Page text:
WARREN, NJ - Picture this. It’s the winter of 1778-79 and 8,000 to 10,000 war-weary soldiers in General George Washington’s Continental Army have set up camp on what is now the present-day site of Angelo L. Tomaso School and the surrounding area.

Called the Second Middlebrook Encampment, certain historians believe that such prominent American Revolutionary War officers as Nathanael Greene, William Alexander (Lord Stirling) and the Marquis de Lafayette may have joined Washington on the very ground where young footsteps now scamper and play in the ALT schoolyard.

This tantalizing morsel of New Jersey history is just one of the stops on a tour of local historical sites, a recent rite of passage for 8th graders who board a fleet of small buses provided by the school district each spring to journey back in time for a glimpse of centuries-old happenings in Warren.

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Meticulously orchestrated by social studies teachers Robert Hartshorn, Lynn Degen, and Josephine Brasile, the tour includes visits to:

• The Kirch-Ford House, a carefully restored farmhouse on the corner of Reinman and Mount Bethel roads. “Virtually synonymous with Warren was the Kirch family, three generations of which occupied the farm and house… for 121 years,” writes Alan A. Siegel in “Warren A to Z: An Entertaining Guide to the 275 Year History of Warren Township, New Jersey.”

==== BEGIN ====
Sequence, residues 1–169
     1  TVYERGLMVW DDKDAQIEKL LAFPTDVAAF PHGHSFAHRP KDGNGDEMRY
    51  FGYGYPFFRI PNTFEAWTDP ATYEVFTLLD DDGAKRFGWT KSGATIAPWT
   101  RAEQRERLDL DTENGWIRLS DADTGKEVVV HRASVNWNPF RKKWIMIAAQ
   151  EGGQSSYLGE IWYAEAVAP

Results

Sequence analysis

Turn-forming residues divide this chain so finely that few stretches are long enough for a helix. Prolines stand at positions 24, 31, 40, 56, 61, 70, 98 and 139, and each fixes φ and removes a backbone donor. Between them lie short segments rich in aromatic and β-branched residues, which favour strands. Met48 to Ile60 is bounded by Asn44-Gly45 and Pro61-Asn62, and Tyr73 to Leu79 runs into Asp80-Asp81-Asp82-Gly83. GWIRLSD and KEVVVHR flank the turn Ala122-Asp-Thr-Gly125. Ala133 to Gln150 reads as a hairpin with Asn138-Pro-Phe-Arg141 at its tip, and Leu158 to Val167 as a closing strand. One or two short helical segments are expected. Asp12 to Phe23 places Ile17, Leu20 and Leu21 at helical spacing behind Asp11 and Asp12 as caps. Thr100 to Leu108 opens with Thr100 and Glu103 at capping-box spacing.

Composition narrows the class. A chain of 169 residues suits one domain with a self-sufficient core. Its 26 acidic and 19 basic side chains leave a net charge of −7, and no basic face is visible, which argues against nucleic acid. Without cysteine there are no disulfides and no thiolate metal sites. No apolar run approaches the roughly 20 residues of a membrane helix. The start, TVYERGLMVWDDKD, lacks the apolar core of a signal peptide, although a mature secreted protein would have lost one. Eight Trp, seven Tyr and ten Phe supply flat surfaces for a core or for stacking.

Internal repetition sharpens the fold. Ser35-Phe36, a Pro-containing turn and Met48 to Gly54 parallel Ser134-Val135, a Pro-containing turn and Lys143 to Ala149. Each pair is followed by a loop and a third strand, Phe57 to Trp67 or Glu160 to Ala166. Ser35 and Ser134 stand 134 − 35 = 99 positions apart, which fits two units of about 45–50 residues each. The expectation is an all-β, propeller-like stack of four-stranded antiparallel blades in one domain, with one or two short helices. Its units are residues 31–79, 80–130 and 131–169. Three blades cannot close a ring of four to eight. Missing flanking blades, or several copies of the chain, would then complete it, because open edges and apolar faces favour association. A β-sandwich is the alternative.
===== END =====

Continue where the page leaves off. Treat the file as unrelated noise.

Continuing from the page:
• The Mount Bethel Baptist Meeting House, a white clapboard structure across from the former King George Inn at the intersection of Mount Bethel and King George roads. The meeting house is listed on the New Jersey State Register of Historic Places and was named a National Historic Site in 1976.

 

• The Coddington House, a 2 ½ story center hall home built c.1865 by a prosperous local farmer. The house, which sits on a slight rise just 200’ from Mt. Horeb Road, boasts “moldings above the windows, weatherboard exterior, louvered shutters, large sawn eave brackets” and other finishing touches which help to “retain the original integrity of style and workmanship,” writes Siegel.

• The Hofheimer Grotto, a hidden gem located behind the current municipal complex. According to Siegel, Nathan Hofheimer, a successful businessman who maintained a summer home in Warren in the early 1900s, “imported craftsmen from Europe to transform a flooded copper pit mine into a replica of a grotto he had once visited in his native Germany.”

Also on the tour, of course, is a stopover at ALT for a discussion about the comings and goings of the Continental Army during colonial times. The outing wraps up at Washington Rock where students enjoy a pizza lunch (with the help of PTO parents) and a spectacular view of the vista over which General Washington is said to have frequently cast an eye to monitor British troop movements in the valley below.

 

PHOTO #1 – Warren Middle School 8th graders enjoy the view at Washington Rock on June 10... the same spot General George Washington is said to have used to monitor British troop movements more than 200 years ago.
PHOTO #2 – Cayla Park steps back in time at the Kirch-Ford house on June 10.

PHOTO #3 – Eighth graders pose for a picture on June 10 in front of the Kirch-Ford house... once home to three generations of a prominent Warren family.
PHOTO #4 – Eighth graders and their teachers enjoy a sunny day and a pizza lunch on June 10 at Washington Rock State Park, following a tour of local New Jersey history.